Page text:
However, nearly a year into his first term, Milei has been forced to scale back his agenda. A fervent Perónist-led opposition coalition has rallied around their shared outrage towards Milei’s policies, blocking several of his flagship economic initiatives. Furthermore, his “56 percent” victory margin is deceptive; he was elected via a two-round run-off voting system, “so that as much as a quarter of the electorate chose him as a lesser evil to a failed system rather than as any road into the future.” This is especially notable because Argentina has a federal political system, somewhat similar to that of the United States, but none of the country’s provincial governors belong to Milei’s political party, which adds another layer of difficulty to building consensus and implementing his agenda on a national level.

Furthermore, Argentina has a particularly powerful executive branch; within this “hyper-presidential” system, the country’s leader can bypass its congress in many instances. Given Argentina’s history of authoritarian rule, and his admiration for other controversial figures like El Salvador’s Nayib Bukele, democracy activists worry that Milei may be tempted to reject political compromise all together and increasingly seek to govern unilaterally. Milei’s supporters, however, argue that Argentina urgently needs reform to prevent it from falling off an economic precipice. Although opinions diverge greatly, his critics and supporters alike agree that Milei is anything but forgettable.

As a result, what are the business risks endemic to Argentina and how are these policies attempting to address them?

Given Argentina’s history of statist economic management, the lines between the country’s public and private sector are somewhat blurred. For example, in addition to several major state-owned companies directly controlled by the public sector, Argentina’s government owned stakes in nearly 70 percent of the country’s publicly traded companies before the Milei administration in 2022. Although a core principle of Milei’s attempt to “slash” the size of the government includes widespread privatization of state-owned companies, Argentina’s “hyper-presidential” system has permitted past leaders to undo policies of their predecessors.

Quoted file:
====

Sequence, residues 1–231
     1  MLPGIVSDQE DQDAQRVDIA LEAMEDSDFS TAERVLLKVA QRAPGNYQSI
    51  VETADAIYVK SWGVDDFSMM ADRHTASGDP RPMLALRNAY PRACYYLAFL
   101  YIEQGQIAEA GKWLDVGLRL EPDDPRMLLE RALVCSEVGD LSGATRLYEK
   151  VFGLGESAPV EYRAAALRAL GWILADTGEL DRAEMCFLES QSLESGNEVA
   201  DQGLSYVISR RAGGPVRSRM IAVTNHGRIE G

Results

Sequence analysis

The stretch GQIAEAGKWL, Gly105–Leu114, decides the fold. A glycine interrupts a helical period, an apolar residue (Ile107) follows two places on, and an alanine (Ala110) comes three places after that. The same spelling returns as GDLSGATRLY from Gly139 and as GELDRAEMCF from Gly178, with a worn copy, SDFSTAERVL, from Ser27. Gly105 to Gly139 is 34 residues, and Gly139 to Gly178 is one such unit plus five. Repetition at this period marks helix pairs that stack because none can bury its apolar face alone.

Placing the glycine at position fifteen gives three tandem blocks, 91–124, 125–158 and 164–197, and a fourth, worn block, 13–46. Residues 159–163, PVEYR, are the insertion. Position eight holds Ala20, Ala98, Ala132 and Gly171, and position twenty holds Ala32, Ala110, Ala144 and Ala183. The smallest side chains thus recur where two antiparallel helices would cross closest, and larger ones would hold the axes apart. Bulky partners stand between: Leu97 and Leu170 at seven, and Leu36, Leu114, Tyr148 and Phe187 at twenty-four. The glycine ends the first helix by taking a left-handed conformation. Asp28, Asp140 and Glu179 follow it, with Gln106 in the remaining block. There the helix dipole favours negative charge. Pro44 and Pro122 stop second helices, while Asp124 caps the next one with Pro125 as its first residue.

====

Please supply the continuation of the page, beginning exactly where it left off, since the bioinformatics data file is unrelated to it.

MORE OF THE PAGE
Perhaps no other firm exemplifies this more than Argentina’s Yacimientos Petrolíferos Fiscales (YPF). Founded in the 1920s as the first state-owned oil company outside of the Soviet Union, YPF expanded substantially in terms of both size and importance two decades later under Perón. In this era, YPF became a critical source of state revenue just as much as it was a political tool, forming the cornerstone of his energy subsidies strategy for low-income citizens while also a being a tangible symbol of Argentina’s energy independence movement.

Eventually, its political utility eclipsed its profitability, and institutional mismanagement caused YPF to become an unsustainable drag on the state budget. Deeply indebted and struggling with acute hyperinflation, under the administration of Carlos Menem, Argentina privatized YPF and sold it to Spanish oil company Repsol in 1999. However, later, in 2012, amidst the backdrop of strong oil prices and a cash-strapped government, President Christina Fernandez de Kirchner accused Repsol of failing to meet its investment promises and “re-nationalized” YPF, much to the dismay of international investors.